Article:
Isokinetic strength training of lower limb muscles following acquired brain injury

Maggie Killington, S Mackintosh, M Ayres

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    5 Citations (Scopus)


    Primary objective: To investigate the effectiveness of isokinetic strength training of ankle and knee muscles in adults with chronic acquired brain injury (ABI). Research design: Series of single case studies. Methods: Twelve people with ABI participated in a 2.5-week baseline, 12-week intervention and a 4-week follow-up phase. Intervention: Concentric isokinetic exercise, twice a week, for plantarflexors (PFs), dorsiflexors (DFs), knee flexors (KFs) and knee extensors (KEs). Outcomes: Peak torque and power at 60 and 90° s-1, PFs and KFs tone at 60° s-1, gait speed and timed chair rises. Results: For single case analyses strength improvements were noted in 11/12 participants' PFs, 5/12 participants' DFs and 7/12 participants' KEs and KFs. Gait speed improved in 8/12 participants and chair rise time improved in 7/12 participants. PFs tone increased in three participants, KFs tone increased in six participants and three participants reported knee pain. For group analyses, peak torque of PFs and KEs, fast gait speed and timed chair rises demonstrated improvement (p < 0.05). Conclusions: Isokinetic strength training may be effective to improve lower limb muscle strength; however, care needs to be taken in selecting suitable candidates as some individuals reported knee pain with this intensive programme.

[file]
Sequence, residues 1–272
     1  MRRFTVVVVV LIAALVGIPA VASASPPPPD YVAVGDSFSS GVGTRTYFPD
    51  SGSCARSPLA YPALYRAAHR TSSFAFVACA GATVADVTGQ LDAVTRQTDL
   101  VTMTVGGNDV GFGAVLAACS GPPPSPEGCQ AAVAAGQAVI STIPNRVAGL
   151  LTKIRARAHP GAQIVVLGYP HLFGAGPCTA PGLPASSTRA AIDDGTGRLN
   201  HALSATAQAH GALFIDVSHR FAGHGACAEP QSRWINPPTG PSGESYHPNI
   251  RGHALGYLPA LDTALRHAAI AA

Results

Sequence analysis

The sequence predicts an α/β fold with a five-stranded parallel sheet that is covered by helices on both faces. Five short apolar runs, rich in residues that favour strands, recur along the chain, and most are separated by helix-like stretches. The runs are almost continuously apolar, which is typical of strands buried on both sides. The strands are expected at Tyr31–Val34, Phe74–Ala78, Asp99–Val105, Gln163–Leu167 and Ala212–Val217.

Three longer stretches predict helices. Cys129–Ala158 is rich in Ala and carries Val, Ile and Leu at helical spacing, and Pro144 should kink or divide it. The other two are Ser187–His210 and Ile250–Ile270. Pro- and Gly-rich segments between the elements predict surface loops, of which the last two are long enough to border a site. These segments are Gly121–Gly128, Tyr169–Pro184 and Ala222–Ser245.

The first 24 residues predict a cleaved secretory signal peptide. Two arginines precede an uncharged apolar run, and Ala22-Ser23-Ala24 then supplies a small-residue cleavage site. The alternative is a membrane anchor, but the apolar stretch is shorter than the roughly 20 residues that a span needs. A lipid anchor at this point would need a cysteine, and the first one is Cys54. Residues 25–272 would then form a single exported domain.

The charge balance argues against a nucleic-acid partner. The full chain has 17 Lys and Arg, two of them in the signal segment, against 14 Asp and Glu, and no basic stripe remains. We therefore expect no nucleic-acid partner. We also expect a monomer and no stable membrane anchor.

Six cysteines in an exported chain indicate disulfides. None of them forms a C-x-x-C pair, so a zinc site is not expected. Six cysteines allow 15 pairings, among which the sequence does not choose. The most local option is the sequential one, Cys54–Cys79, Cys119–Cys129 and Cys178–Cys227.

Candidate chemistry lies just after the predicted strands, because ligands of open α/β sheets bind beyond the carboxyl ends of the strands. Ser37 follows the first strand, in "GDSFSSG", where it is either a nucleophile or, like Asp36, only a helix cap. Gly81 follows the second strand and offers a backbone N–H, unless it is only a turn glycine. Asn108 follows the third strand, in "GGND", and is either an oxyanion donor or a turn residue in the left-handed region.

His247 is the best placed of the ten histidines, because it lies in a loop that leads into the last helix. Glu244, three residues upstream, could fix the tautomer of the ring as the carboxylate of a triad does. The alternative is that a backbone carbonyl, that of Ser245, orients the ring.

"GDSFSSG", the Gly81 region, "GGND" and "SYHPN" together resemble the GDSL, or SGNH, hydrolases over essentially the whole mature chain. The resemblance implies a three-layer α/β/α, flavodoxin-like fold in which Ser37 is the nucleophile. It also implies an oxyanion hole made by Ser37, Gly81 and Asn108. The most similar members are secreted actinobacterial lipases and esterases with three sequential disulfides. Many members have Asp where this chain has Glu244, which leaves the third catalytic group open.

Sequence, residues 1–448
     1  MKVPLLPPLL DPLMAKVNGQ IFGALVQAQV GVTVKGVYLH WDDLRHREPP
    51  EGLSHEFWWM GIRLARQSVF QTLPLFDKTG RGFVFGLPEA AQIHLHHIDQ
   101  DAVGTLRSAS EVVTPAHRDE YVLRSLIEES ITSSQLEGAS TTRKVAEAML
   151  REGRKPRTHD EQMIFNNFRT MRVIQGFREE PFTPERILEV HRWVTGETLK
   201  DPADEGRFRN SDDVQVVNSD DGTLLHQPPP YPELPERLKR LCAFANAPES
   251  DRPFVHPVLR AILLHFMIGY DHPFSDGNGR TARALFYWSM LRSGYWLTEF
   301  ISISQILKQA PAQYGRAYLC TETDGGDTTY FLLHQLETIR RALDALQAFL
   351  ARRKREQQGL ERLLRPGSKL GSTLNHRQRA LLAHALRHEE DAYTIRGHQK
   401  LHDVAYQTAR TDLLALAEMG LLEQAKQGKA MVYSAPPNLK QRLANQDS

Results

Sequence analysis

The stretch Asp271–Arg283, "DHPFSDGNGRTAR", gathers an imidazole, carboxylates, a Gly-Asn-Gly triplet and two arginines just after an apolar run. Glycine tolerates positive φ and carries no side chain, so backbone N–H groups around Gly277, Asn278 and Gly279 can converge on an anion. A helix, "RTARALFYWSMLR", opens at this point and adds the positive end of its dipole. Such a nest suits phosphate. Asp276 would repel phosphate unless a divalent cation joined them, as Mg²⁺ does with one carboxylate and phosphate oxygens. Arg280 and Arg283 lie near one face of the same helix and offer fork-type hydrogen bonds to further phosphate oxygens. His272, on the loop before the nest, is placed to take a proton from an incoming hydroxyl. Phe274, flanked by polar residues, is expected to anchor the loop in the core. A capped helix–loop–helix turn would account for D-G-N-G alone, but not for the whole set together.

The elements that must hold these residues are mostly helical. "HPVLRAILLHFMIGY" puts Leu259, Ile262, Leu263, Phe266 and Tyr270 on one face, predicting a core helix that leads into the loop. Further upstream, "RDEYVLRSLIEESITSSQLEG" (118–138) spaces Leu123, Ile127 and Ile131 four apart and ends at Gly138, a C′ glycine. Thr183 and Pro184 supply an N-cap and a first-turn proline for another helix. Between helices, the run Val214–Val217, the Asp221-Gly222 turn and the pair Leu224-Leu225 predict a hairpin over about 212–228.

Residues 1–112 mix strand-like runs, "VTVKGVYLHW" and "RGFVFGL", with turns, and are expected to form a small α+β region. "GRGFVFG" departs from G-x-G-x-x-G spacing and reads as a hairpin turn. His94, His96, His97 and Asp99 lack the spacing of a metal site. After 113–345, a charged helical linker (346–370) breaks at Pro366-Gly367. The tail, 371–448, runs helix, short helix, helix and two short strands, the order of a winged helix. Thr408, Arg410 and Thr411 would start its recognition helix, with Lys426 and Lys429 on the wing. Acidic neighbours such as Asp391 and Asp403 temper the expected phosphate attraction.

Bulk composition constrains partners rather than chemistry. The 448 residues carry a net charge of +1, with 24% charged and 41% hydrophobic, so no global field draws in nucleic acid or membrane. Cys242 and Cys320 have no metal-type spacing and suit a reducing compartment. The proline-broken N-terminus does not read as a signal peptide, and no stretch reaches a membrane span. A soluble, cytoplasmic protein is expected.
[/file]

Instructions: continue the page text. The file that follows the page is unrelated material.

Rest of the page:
Original languageEnglish
    Pages (from-to)1399-1407
    Number of pages9
    JournalBrain Injury
    Issue number12
    Publication statusPublished - Nov 2010


    • Acquired brain injury
    • Chair rise time
    • Isokinetic exercise
    • Strength


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